The Mad Scientist, Part II
You need to see the alien’s face!”
That was the Mad Scientist’s greeting to me on a late winter’s day. I had snuck into his cold, disintegrating mansion, crept up the stairs and tip-toed through the Great Room littered with a week’s worth of empty coffee brandy bottles. I had a free afternoon and was gonna help cut firewood.
I stopped to examine a bicycle wheel, sans tire and tube, laying on its side atop his eating and drinking table. Plastic spoons stuck out like extended spokes along the entire circumference of the wheel. In the concavity of each spoon, the Mad Scientist had glued magnets and tiny pieces of broken mirror. I had no idea what the freakish wheel was supposed to do, but it had certainly taken time and effort to build.
I swung the kitchen door open, surprising him. Sitting in his chair beside a smoldering ashtray, wrapped in a sleeping bag, he was staring at the TV, engrossed in Who Wants to Be a Millionaire?
“You need to see the alien’s face,” he repeated, like we were in mid-conversation. “It’s friggin’ wild.”
“Wanna smoke a joint,” I asked, knowing he was jonesing, “and enjoy the rest of your show?”
“I ain’t watching that. Just waiting for the weather,” he said, even though the next news with a forecast was still hours away. He waved at the TV like it was an irritant. “Gonna friggin’ snow again,” he groaned, “or maybe rain, which is worse. Building’s gonna flood if it rains ’cuz all the snow on the roof will melt and pour right inside, like a waterfall.” He stood and dropped the sleeping bag on the floor. “Let’s smoke the joint downstairs, so you check out the alien’s face.”
I followed him through a rough hole hacked in the floor and down a shaky ladder to the furnace room, where his wood stove lived. He claimed the heat rose and kept the kitchen toasty, which wasn’t true. It was never warm upstairs, except during the height of summer. The furnace room, however, was wicked hot, so the Mad Scientist stripped out of his insulated coveralls.
“Look at this,” he said, pointing to the wall. “It’s friggin’ amazin’!”
I didn’t see anything. The wall, stud-framed and insulated with pink fiberglass, was covered in a thick, almost opaque, plastic.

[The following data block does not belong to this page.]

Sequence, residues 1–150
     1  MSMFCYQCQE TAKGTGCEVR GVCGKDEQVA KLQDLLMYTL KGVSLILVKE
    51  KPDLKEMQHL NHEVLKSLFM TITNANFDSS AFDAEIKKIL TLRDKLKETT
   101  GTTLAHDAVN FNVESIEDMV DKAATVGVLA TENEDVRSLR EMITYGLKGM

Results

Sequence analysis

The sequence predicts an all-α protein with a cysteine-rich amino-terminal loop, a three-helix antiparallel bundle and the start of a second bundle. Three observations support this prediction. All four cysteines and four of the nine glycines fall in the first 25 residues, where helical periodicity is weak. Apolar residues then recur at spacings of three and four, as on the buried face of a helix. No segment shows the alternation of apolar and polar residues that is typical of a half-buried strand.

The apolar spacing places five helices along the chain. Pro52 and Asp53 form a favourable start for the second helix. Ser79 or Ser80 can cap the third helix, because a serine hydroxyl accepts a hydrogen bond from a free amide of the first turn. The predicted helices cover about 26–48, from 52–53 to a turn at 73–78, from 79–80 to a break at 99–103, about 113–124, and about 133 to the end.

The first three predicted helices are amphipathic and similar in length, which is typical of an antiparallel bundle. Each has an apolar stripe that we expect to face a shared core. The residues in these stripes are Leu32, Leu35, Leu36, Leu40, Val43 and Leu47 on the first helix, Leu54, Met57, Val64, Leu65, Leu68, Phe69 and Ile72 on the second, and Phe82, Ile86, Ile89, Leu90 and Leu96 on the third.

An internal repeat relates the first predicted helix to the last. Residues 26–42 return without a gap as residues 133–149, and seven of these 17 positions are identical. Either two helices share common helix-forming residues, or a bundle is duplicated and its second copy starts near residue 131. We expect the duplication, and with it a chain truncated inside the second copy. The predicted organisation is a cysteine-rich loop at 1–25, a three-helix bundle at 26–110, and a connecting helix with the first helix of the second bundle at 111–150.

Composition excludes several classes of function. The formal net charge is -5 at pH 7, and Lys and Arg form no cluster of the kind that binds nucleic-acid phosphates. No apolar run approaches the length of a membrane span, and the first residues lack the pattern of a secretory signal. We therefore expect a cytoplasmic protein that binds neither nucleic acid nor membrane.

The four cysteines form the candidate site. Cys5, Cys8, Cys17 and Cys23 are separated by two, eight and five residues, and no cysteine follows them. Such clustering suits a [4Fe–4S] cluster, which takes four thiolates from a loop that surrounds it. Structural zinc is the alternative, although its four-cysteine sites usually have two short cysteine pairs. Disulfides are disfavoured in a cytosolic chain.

“See! See! See!” his voice grew louder. “Do you see the outline of the face?”
“Ahhhhh,” I stalled, “not really.”
“Here,” he said, touching the wall with his stub of a forefinger mutilated two decades earlier during an industrial mishap. “This is the top of his head,” and he traced a line down and around the creased plastic. “This is the chin,” he said. “And this is his nose. Here’s his eyes. But he don’t have ears. This kind of alien don’t need ears. They communicate telepathically.”
“Really?” I said, still examining the wall. “Hmmm.”
“Yesterday, when I was stoking the fire, I discovered the alien’s face. Wasn’t there the day before, I know it.” He paused. “Where’s that joint?”
I handed it to him, he sparked up and inhaled deeply while I gazed at the wall. Still no sign of the face. He passed the joint and I toked while he traced the outline again.
“Yesterday, the shape was more obvious,” he said. “Like he’d just done it. Fresh, you know?”
I, of course, believe in aliens. I’m not so self-centered as to think Earth is the only place in the universe where life exists. But I had a hard time believing an alien had landed in Eastport, unobserved, and visited the Mad Scientist’s furnace room to trace an outline of his face on the wall. I wanted to see it, though. I would have loved to see it, to prove that this fella, my pal and constant colleague in hard labor and more, wasn’t completely nuts.